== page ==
A day in the life of...

13th May 2016 at 00:00
Supporting Nepalese girls to get access to quality education has proved an unexpected, but rewarding, adventure for this community mobiliser

When my husband Simon and I arrived in Nepal in July 2014, we didn’t know what to expect. I joined Simon as an “accompanying partner”, but soon found myself taking on the role of community mobiliser volunteer in Lamjung, Central Nepal, through Voluntary Service Overseas (VSO).

I work on the Sister for Sister programme, which supports marginalised girls to complete their basic education and fulfil their right to quality education. I support the staff and volunteers who mentor 320 girls in 12 schools.

I have facilitated many workshops, including street theatre; the use of games (there is no awareness of SEND); team building; problem solving and, since the April 2015 earthquake, many more unexpected challenges.

Today, I am running a workshop on women’s health and menstruation, so quickly eat breakfast and gather the materials for the day. The other community mobiliser, Samjhana, is already in the village, so I set off to catch a local bus. There are no timetables, so it is always interesting.

An hour later, and I begin the long walk to Bharte. This is a steep climb through jungle, paddy fields and terraces and I arrive, very hot and sweaty, two-and-a-half hours later.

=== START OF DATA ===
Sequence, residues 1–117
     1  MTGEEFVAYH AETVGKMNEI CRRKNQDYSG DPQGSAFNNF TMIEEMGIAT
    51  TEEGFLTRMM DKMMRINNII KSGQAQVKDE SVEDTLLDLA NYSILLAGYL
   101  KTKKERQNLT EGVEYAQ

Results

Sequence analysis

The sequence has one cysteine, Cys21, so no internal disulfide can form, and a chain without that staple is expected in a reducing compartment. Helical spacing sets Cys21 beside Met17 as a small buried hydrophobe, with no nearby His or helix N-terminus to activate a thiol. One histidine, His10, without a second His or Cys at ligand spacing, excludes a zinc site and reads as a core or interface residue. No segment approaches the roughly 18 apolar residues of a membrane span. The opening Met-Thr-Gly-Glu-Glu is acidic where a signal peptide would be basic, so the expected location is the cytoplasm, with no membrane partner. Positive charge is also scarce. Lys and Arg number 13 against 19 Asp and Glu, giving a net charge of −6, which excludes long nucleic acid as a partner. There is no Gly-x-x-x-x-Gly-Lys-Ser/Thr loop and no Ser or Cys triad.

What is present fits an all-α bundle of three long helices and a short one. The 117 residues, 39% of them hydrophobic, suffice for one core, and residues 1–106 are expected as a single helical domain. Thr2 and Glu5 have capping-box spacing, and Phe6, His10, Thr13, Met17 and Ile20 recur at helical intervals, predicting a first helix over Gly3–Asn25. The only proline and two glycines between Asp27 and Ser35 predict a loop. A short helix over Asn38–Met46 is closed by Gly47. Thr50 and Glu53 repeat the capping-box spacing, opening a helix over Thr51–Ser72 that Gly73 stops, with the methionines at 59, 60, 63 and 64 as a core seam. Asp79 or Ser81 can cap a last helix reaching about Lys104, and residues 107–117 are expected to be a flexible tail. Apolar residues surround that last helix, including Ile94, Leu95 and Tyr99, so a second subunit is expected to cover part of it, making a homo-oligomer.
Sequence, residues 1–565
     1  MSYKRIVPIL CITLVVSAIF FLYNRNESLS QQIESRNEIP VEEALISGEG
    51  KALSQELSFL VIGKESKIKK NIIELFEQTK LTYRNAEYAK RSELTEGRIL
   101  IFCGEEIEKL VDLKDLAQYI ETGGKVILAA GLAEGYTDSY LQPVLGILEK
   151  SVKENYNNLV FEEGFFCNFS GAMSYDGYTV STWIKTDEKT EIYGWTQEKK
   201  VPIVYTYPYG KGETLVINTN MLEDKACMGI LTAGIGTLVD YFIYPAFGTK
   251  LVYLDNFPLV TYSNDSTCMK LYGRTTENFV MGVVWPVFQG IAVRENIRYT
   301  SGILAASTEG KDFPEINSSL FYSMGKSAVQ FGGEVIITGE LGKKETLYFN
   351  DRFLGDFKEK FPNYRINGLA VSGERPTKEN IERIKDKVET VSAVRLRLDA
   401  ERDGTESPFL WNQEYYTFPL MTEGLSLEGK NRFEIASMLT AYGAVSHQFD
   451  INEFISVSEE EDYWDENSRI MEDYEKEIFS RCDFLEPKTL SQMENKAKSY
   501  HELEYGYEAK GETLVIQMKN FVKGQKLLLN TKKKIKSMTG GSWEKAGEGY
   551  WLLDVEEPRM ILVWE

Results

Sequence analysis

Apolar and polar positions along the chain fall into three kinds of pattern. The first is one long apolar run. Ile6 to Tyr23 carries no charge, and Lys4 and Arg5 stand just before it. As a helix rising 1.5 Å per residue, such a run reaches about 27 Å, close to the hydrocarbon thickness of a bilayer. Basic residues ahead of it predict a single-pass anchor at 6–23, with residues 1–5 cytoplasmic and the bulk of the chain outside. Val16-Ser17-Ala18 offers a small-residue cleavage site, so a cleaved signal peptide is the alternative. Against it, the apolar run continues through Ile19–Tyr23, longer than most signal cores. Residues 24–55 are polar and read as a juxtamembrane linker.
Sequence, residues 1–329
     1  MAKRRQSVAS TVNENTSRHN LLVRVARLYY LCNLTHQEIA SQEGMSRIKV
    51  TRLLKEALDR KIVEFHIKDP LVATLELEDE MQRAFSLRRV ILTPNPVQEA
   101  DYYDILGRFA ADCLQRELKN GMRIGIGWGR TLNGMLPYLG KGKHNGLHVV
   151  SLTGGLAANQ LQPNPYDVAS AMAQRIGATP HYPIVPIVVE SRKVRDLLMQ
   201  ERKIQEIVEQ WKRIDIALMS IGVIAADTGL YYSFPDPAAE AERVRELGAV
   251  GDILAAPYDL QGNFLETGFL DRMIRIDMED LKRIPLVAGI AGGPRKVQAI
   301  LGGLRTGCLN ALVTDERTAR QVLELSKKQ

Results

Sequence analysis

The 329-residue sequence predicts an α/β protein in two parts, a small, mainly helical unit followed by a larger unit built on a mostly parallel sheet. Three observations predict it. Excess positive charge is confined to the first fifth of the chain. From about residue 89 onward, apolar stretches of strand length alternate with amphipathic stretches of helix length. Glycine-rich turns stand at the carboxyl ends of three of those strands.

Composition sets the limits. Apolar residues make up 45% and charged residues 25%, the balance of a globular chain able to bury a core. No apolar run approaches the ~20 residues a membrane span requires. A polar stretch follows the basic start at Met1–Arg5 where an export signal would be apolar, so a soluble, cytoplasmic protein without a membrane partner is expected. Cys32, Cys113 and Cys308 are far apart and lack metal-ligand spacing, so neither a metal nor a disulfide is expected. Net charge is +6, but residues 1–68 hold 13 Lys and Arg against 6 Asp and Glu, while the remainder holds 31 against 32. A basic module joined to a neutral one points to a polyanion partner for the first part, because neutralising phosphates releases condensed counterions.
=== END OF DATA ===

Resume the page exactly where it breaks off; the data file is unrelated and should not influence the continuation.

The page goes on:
Samjhana is now a very capable facilitator, so today’s session is relatively easy. We start with two hours of theory, where we discuss the menstrual cycle, physiology, local customs and challenges. In most villages, when a girl has her first period, she is sent to another woman’s house of a lower caste, for 10 days. For the second period, she goes for 7 days, for the third, five days. This can vary from village to village, but the girls must stay inside and are not allowed to see men or boys.

They therefore miss school, and this can be the start of poor school attendance. Many of the girls are expected to then get married – a culture that we are trying to change through education and community work.

Toilets are very basic and often don’t have locks or water, and certainly no bin. The women in the villages still use a wad of cloth and, as cases of infection and prolapse are high, we must cover these subjects.

Despite an initial reluctance to interact, soon everyone participates in the refreshing excitement of sharing knowledge. The highlight is always the practical session, where we make reusable sanitary pads.

These girls have seldom done any sewing, but with two hours and intense concentration, they are proud of their efforts. I have been told that the girls are sharing information and one school has held another workshop for women and girls to make more pads.

Samjhana and I set off, thankful that it is downhill all the way. We soon have a violent thunderstorm to contend with, but this does not dampen our mood. I believe this has been a very powerful experience: the knowledge and skills are sustainable and will help girls stay in school to complete their education.

Simon wanted to volunteer 40 years ago, but it was an unexpected plan for me. It is proving a great adventure; I am sure that we will look back on this experience as one of the most memorable in our lives.

To donate to the VSO earthquake appeal, visit: vsointernational.org/donate/nepal

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